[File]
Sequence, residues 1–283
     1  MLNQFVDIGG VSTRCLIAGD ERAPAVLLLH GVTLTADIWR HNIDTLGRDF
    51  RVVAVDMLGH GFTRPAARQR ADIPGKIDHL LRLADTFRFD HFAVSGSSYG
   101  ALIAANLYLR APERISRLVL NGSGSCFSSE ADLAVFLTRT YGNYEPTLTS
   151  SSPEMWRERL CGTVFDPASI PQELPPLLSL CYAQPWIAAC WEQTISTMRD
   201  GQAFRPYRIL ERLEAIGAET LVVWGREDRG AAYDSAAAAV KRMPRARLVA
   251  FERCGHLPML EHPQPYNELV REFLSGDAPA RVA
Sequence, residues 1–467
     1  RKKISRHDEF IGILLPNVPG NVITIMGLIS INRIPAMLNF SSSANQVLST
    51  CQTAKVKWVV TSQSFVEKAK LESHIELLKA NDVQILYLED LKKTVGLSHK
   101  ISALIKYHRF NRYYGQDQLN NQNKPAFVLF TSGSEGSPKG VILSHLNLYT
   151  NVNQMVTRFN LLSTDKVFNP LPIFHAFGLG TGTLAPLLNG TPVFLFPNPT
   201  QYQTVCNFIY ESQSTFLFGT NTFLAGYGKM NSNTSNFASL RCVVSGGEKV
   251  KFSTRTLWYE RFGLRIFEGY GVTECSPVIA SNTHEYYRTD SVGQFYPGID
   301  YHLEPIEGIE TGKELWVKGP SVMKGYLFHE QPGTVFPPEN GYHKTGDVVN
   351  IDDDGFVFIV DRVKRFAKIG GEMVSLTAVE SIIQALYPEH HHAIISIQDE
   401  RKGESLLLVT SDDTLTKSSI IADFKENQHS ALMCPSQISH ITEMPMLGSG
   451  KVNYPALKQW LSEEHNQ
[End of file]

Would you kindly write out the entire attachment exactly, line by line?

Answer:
Sequence, residues 1–283
     1  MLNQFVDIGG VSTRCLIAGD ERAPAVLLLH GVTLTADIWR HNIDTLGRDF
    51  RVVAVDMLGH GFTRPAARQR ADIPGKIDHL LRLADTFRFD HFAVSGSSYG
   101  ALIAANLYLR APERISRLVL NGSGSCFSSE ADLAVFLTRT YGNYEPTLTS
   151  SSPEMWRERL CGTVFDPASI PQELPPLLSL CYAQPWIAAC WEQTISTMRD
   201  GQAFRPYRIL ERLEAIGAET LVVWGREDRG AAYDSAAAAV KRMPRARLVA
   251  FERCGHLPML EHPQPYNELV REFLSGDAPA RVA
Sequence, residues 1–467
     1  RKKISRHDEF IGILLPNVPG NVITIMGLIS INRIPAMLNF SSSANQVLST
    51  CQTAKVKWVV TSQSFVEKAK LESHIELLKA NDVQILYLED LKKTVGLSHK
   101  ISALIKYHRF NRYYGQDQLN NQNKPAFVLF TSGSEGSPKG VILSHLNLYT
   151  NVNQMVTRFN LLSTDKVFNP LPIFHAFGLG TGTLAPLLNG TPVFLFPNPT
   201  QYQTVCNFIY ESQSTFLFGT NTFLAGYGKM NSNTSNFASL RCVVSGGEKV
   251  KFSTRTLWYE RFGLRIFEGY GVTECSPVIA SNTHEYYRTD SVGQFYPGID
   301  YHLEPIEGIE TGKELWVKGP SVMKGYLFHE QPGTVFPPEN GYHKTGDVVN
   351  IDDDGFVFIV DRVKRFAKIG GEMVSLTAVE SIIQALYPEH HHAIISIQDE
   401  RKGESLLLVT SDDTLTKSSI IADFKENQHS ALMCPSQISH ITEMPMLGSG
   451  KVNYPALKQW LSEEHNQ